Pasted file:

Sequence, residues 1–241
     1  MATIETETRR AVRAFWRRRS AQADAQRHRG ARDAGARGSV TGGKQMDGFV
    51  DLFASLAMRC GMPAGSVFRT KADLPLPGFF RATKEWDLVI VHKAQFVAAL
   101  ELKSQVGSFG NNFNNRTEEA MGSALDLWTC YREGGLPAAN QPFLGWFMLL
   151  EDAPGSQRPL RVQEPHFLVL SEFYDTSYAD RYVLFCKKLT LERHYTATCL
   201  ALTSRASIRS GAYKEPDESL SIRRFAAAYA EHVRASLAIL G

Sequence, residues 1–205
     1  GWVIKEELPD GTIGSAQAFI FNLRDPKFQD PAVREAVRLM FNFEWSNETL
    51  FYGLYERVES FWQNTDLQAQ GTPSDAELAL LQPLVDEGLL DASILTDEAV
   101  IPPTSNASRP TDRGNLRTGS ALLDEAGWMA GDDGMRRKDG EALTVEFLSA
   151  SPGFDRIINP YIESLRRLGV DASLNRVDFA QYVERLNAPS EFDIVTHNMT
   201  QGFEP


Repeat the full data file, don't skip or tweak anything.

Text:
Sequence, residues 1–241
     1  MATIETETRR AVRAFWRRRS AQADAQRHRG ARDAGARGSV TGGKQMDGFV
    51  DLFASLAMRC GMPAGSVFRT KADLPLPGFF RATKEWDLVI VHKAQFVAAL
   101  ELKSQVGSFG NNFNNRTEEA MGSALDLWTC YREGGLPAAN QPFLGWFMLL
   151  EDAPGSQRPL RVQEPHFLVL SEFYDTSYAD RYVLFCKKLT LERHYTATCL
   201  ALTSRASIRS GAYKEPDESL SIRRFAAAYA EHVRASLAIL G

Sequence, residues 1–205
     1  GWVIKEELPD GTIGSAQAFI FNLRDPKFQD PAVREAVRLM FNFEWSNETL
    51  FYGLYERVES FWQNTDLQAQ GTPSDAELAL LQPLVDEGLL DASILTDEAV
   101  IPPTSNASRP TDRGNLRTGS ALLDEAGWMA GDDGMRRKDG EALTVEFLSA
   151  SPGFDRIINP YIESLRRLGV DASLNRVDFA QYVERLNAPS EFDIVTHNMT
   201  QGFEP